The victory continued what has been a comeback story for Maryland. In a span of 12 days after that season-ending setback to Stanford, five players — power forward Mimi Collins, shooting guard Taisiya Kozlova, shooting guard Channise Lewis, point guard Ashley Owusu and center Angel Reese — entered the transfer portal. The departures of Reese, a Baltimore native and St. Frances graduate who was the first player in school history to average a double-double in both points (17.8) and rebounds (10.6) since Angie Scott in 1975, and Owusu, who scored 14.3 points per game, were particularly frustrating.
Coach Brenda Frese revisited that time, which included the death of her father, Bill, on Jan. 16, 2022.
“It was a locker room that was me-centered versus we-centered,” she said. “Had so many changes, and [the transfer] portal is the new reality. You can tell from my family, they missed their mom, but their mom had to put her head down and go to work. So the competitive side came out, that we had a roster to fill.”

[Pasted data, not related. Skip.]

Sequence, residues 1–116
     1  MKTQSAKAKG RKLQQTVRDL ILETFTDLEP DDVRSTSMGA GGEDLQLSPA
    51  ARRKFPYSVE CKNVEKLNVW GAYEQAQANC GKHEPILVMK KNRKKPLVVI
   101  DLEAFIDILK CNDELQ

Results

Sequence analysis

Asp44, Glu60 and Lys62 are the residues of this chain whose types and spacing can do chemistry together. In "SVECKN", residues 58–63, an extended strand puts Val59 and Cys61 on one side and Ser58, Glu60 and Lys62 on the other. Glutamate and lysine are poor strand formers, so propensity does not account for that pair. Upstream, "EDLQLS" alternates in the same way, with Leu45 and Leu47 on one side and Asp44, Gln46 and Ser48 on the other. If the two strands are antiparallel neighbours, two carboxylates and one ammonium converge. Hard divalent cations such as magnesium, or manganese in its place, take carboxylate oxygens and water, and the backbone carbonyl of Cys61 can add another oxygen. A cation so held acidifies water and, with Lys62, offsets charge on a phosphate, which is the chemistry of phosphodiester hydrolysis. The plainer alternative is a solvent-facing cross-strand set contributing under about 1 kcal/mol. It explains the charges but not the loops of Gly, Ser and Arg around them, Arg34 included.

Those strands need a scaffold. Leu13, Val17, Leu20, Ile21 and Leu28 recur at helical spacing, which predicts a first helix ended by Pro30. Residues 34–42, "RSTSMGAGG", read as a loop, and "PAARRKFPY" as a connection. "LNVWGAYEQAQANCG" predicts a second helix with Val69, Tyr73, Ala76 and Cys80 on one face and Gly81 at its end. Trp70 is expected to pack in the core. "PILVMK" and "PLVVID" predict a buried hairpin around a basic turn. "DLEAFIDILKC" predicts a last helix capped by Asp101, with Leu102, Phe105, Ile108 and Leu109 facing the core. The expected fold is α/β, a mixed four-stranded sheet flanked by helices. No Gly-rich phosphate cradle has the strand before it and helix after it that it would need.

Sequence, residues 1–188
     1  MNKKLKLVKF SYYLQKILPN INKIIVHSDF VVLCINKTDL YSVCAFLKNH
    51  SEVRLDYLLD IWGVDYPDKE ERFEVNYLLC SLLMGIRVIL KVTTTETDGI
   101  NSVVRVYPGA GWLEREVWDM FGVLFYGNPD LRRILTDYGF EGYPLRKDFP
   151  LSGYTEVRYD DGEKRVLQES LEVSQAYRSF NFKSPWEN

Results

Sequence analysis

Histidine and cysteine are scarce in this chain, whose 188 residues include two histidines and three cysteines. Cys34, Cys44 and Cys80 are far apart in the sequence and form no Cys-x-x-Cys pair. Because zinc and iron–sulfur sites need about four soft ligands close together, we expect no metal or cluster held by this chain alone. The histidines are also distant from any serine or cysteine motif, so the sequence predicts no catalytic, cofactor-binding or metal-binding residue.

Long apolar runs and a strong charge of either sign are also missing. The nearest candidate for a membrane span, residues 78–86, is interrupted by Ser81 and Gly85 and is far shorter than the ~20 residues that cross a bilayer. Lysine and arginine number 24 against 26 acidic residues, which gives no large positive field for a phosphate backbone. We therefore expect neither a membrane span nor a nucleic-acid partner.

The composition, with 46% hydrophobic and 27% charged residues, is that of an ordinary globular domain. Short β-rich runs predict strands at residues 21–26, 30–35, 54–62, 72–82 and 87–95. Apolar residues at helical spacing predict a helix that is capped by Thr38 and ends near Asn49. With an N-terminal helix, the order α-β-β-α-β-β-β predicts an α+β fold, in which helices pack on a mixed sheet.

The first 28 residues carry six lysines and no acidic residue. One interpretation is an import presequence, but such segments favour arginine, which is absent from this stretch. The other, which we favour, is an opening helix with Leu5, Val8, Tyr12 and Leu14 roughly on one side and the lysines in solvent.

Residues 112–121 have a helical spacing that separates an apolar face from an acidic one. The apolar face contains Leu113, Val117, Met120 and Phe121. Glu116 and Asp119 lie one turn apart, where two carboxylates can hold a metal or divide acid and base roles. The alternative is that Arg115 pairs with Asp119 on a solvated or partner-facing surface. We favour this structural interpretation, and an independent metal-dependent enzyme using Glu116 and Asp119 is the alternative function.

Maryland improved to 20-8 as the No. 2 seed. The program also raised its all-time series record against Notre Dame to 6-5 and earned its first NCAA Tournament victory over the Fighting Irish in three meetings after losses in 2012 and 2014.
Notre Dame (27-6) got 14 points, seven rebounds and four assists from sophomore point guard Sonia Citron but fell in the regional semifinal for the second consecutive year.
“Thought the second half, we really struggled with pressure, turned the ball over more than we would like, couldn’t really get into our flow in that third quarter,” Fighting Irish coach Niele Ivey said. “So just really disheartening.”
The Fighting Irish were a shell of the team that took the Terps to the brink Dec. 1 before Miller’s last-second jumper sealed a 74-72 win. They clearly missed a pair of starters in All-American point guard Olivia Miles (season-ending right knee injury on Feb. 26) and shooting guard Dara Mabrey (right ACL tear and tibial plateau fracture on Jan. 22), who had combined for 22 points, nine assists and seven rebounds in that earlier meeting.
NCAA Tournament Elite Eight
No. 2 seed Maryland vs. No. 1 seed South Carolina
Greenville, South Carolina
Monday, 7 p.m.